According to the authors, in order to create a safe space for LGBT+ people there should be posters on the walls showing that these spaces are LGBT+ inclusive. This seems like a reasonable idea until you realise that these posters are literally littered all through-out the school, on doors, in corridors, on white boards, within notices, everywhere you look. To get an idea of how they’ve redesigned schools to accommodate, read my blog “Educate and Devastate” – you simply cannot get away from it, wherever you go within the school environment, and beyond.
Within the ‘points to consider’ section of this chapter, again we are informed of the importance of pleasure and desire. Although for both sexes, as mixed groups, we’re advised that some activities should be focused with a single sex group.
“For example, work around positive relationships, masculinity, pleasure and the body. Make sure that you don’t fall into the trap of only exploring masculinity with boys and femininity with girls. Remember that everyone needs to learn about different bodies and genders, as well as about menstruation, contraception, pleasure and desire.”
Notice how menstruation, something that is important for girls to learn about, is thrown in with pleasure and desire surrounding sex? It goes on to state:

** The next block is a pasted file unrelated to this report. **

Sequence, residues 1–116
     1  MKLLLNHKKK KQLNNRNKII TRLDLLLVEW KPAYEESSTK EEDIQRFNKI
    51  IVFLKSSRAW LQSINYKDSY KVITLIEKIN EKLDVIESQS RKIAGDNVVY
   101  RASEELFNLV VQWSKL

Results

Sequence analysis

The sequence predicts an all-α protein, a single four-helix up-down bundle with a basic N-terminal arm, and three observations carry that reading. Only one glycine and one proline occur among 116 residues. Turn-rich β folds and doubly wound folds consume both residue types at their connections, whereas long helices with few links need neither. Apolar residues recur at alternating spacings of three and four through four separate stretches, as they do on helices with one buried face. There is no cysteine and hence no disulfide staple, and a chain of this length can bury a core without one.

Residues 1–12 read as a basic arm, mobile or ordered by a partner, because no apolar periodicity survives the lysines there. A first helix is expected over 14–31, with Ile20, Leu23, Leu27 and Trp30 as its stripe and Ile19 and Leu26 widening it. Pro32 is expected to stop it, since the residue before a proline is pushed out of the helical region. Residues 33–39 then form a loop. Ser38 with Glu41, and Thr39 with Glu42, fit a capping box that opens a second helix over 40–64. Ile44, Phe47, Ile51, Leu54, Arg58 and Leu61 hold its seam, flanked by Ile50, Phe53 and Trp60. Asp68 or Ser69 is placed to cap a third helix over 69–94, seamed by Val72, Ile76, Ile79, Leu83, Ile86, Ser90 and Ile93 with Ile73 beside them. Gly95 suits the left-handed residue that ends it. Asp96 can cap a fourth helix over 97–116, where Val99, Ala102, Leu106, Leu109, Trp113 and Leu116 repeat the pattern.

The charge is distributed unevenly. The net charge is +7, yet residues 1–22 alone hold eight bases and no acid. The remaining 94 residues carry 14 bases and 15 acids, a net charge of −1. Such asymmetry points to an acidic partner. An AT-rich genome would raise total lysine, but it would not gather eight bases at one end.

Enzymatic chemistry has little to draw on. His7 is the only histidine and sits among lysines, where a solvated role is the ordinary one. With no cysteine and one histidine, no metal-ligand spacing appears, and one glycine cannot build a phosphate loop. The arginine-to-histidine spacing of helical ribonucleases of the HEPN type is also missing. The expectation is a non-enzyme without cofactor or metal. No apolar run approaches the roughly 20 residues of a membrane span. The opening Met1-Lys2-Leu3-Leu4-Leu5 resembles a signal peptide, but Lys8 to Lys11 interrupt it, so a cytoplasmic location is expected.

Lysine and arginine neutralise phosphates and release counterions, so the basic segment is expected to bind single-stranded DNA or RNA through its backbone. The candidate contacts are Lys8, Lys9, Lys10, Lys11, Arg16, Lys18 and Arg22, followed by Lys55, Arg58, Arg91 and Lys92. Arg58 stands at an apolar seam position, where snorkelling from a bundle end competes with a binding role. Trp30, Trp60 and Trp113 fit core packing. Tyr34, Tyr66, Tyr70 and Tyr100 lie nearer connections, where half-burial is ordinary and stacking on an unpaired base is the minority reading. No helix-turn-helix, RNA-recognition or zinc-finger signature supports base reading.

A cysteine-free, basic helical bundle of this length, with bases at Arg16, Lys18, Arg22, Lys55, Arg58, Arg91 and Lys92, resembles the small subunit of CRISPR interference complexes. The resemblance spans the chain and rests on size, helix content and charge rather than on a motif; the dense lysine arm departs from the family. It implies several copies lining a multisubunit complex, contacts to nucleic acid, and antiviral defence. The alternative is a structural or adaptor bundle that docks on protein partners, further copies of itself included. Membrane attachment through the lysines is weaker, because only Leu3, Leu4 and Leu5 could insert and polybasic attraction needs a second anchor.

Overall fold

“When doing single gender work allow trans and non-binary young people to choose which group they would feel most comfortable in.”
Although this may seem fair and inclusive, this choice is extended to bathrooms, changing rooms and other private spaces. Single sex spaces were created to protect women and girls, whose rights have been completely trampled on in place of the rights of males who identify as females, which is contrary to the Equalities Act.
In an activity for twelve year old’s regarding creating safe spaces, an example is used asking the students to imagine they knew nothing about themselves and that they were entering a brand new society.
“You don’t know if you are gay, or straight, or bisexual, or whether you are transgender or questioning your gender. You also don’t know whether you have had sex before or not, or whether you have been sexually abused in your past or have escaped this kind of trauma.”